S.F. to ease up on unlicensed drivers — Video: Illegal Alien Edwin Ramos Kills 3 In San Fran — San Francisco Board of Supervisors expands city sanctuary policies–the politics — Video: San Sanctuary Francisco — Edwin Ramos won’t face death penalty — Video: SANCTUARY PSYCHO — New sanctuary proposal on protecting youths
Photo Credit: (kamaaina56)
Yes we’ll finance you
SF Gate – Phillip Matier, Andrew Ross
Call it sanctuary on wheels: San Francisco is about to give a big break to people, many of them illegal immigrants, who are caught driving without a license.
Beginning Sunday, cops will no longer impound cars the first time drivers are pulled over without a license.
The reason: Many such drivers are in the United States illegally – and thus unable to get a license – and the officials pushing the change think that impounding their cars is an unfair hardship.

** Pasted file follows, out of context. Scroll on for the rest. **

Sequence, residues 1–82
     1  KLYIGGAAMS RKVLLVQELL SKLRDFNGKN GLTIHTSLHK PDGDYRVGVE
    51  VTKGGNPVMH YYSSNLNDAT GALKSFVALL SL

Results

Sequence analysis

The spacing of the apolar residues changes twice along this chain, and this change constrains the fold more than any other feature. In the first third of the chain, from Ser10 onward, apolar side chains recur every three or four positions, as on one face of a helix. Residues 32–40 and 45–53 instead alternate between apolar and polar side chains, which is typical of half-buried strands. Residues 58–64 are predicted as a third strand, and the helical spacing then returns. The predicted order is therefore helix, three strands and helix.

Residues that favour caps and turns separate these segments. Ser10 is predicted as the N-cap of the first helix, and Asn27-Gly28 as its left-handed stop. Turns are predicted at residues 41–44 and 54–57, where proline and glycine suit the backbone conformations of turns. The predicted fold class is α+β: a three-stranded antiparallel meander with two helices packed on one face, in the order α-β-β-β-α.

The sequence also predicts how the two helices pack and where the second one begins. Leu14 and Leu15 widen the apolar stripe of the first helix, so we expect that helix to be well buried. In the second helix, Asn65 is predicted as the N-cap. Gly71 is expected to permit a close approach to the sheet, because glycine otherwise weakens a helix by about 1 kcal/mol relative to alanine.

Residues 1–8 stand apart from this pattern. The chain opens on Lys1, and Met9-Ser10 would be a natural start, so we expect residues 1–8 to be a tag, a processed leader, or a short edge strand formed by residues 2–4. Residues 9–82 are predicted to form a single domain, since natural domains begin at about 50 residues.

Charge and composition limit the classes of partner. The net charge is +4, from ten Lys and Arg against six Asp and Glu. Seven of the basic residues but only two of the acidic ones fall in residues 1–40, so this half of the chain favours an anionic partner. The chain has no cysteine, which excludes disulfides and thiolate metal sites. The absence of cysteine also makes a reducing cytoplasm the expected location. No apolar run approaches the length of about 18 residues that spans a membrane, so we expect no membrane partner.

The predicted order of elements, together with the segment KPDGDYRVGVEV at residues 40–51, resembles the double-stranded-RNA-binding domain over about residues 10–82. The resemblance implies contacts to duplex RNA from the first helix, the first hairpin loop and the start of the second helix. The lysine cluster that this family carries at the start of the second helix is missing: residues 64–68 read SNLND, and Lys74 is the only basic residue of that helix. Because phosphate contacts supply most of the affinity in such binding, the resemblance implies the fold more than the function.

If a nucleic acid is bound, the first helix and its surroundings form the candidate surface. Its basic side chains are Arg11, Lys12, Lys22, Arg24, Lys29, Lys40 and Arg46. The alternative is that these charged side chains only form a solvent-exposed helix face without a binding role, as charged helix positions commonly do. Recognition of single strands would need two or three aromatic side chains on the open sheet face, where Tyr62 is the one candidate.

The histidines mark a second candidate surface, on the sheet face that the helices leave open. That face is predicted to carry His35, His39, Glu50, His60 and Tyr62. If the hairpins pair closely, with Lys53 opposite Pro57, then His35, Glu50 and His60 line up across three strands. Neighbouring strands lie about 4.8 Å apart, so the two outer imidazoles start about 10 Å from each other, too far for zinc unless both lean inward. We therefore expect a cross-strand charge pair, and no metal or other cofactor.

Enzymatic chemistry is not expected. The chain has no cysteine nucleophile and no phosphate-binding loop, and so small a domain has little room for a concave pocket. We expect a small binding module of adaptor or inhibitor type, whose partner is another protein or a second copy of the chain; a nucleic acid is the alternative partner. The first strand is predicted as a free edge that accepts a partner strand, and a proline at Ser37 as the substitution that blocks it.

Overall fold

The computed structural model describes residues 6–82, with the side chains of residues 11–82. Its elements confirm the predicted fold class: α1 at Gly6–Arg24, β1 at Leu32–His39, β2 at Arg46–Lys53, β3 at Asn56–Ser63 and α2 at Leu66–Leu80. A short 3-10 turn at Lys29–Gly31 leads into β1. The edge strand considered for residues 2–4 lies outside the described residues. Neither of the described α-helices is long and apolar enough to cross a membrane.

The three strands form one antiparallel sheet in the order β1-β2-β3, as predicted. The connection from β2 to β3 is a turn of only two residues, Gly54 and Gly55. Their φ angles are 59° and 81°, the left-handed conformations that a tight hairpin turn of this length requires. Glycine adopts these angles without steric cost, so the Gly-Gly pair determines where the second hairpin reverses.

Instead, unlicensed drivers will be given 20 minutes to phone a relative or other acquaintance with a valid license and insurance to pick up the car. If the driver doesn’t have a cell phone, police will help him contact someone.
If no one shows up, then the cop is to call a supervisor to approve the tow.
A second offense within six months means an automatic tow. But, for those who stay clean for half a year, the clock starts over.
The change means San Francisco will be far more accommodating to unlicensed drivers than police in Oakland, San Jose and even lefty Berkeley. Cops in all those cities impound the cars of people driving illegally.